[FIGURE 1 OMITTED]
Selvan, (11) by means of mechanical testing, showed that a triangular configuration of screws was superior to a vertical configuration for fixation of femoral neck fractures. The triangular pattern has a higher peak load, higher ultimate load, less displacement, and more energy absorption before failure.
Oakey (12) indicated that a triangular pattern with the base distally makes the femur more vulnerable to fracture around the distal screws. The method used to test the specimens involved potting the femur across the femoral neck to concentrate the force to the subtrochanteric region.
Our study tested the femoral specimens in a more anatomically correct position by potting the diaphysis and applying the force to the femoral head. The results confirm the importance of pattern of placement in affecting the way bone fails. Although stiffness and failure load were not affected by pattern, a greater number of failures occurred through the two screws placed in a horizontal configuration. This suggests that two screws placed at the same level may lead to an increased risk of fracture in a long bone.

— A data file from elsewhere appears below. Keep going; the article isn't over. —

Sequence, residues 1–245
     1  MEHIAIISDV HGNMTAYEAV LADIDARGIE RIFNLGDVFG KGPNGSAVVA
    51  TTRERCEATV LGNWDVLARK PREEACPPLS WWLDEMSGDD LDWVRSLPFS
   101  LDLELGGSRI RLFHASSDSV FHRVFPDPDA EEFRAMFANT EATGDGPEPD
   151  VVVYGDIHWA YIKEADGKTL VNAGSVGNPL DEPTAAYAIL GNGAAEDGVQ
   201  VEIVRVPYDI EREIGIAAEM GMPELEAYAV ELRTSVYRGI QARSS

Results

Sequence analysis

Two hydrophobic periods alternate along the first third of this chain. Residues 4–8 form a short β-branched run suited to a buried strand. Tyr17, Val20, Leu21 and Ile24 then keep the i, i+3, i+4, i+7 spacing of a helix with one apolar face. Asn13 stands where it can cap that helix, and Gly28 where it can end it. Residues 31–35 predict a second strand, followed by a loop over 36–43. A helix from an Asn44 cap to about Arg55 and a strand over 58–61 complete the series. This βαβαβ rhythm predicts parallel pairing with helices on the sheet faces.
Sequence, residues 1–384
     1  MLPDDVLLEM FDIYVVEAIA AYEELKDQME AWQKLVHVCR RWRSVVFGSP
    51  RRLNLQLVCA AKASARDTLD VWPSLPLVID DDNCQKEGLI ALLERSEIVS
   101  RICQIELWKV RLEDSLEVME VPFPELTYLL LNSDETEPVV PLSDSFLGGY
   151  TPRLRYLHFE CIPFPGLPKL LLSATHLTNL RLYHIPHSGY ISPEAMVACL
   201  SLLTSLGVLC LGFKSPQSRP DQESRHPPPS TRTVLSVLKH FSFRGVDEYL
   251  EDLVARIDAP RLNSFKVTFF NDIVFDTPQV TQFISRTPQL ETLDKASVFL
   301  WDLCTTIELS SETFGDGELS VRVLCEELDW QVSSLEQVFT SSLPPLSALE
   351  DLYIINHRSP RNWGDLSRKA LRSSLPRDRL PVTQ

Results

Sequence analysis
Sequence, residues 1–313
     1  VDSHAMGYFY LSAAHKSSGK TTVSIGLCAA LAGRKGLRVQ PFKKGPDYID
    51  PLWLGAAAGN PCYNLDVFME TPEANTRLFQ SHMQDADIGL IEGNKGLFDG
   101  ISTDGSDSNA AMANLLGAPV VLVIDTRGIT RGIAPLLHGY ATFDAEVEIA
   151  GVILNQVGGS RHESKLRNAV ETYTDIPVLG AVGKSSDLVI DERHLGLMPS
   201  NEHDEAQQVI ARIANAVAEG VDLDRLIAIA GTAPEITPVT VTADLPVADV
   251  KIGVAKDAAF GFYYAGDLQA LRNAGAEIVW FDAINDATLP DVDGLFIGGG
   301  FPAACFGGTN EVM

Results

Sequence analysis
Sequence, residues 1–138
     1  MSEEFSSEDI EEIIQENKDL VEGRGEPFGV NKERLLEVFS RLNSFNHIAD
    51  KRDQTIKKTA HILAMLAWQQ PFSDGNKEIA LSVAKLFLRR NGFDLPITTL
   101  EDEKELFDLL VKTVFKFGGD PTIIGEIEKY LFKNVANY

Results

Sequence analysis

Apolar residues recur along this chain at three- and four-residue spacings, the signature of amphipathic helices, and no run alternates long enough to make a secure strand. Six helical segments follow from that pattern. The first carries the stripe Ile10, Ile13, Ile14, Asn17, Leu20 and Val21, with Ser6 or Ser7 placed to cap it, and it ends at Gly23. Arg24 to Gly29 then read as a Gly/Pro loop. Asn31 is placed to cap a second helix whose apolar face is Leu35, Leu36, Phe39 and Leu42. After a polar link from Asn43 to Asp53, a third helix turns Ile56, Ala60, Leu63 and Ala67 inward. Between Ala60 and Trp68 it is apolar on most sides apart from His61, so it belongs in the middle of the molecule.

It should be noted that the vertical pattern recommended in this study eliminates the disadvantages of horizontal screws but still maintains the strength of a triangular configuration (Fig1).
In this study, to eliminate the role played by the location of the distal screws being placed at or below the cortical cancellous bone transition, no screw was inserted below the middle of the lesser trochanter. In this way, the influence of improper location of the lower screws was removed.
We note some obvious weaknesses of our study:
1. Results of studies of fracture failure in the proximal femur may not necessarily translate to other long bones;
2. The materials used for specimens of femora, while designed to replicate the strength and morphology of normal femora, do not reproduce the trabecular architecture and possibly behave differently from osteoporotic bone;
3. The specimens were tested in only one mode (i.e., direct weight bearing); torsion and transverse stress application were not tested; and
4. No attempt was made to test for the effects of repetitive loading at subfracture levels.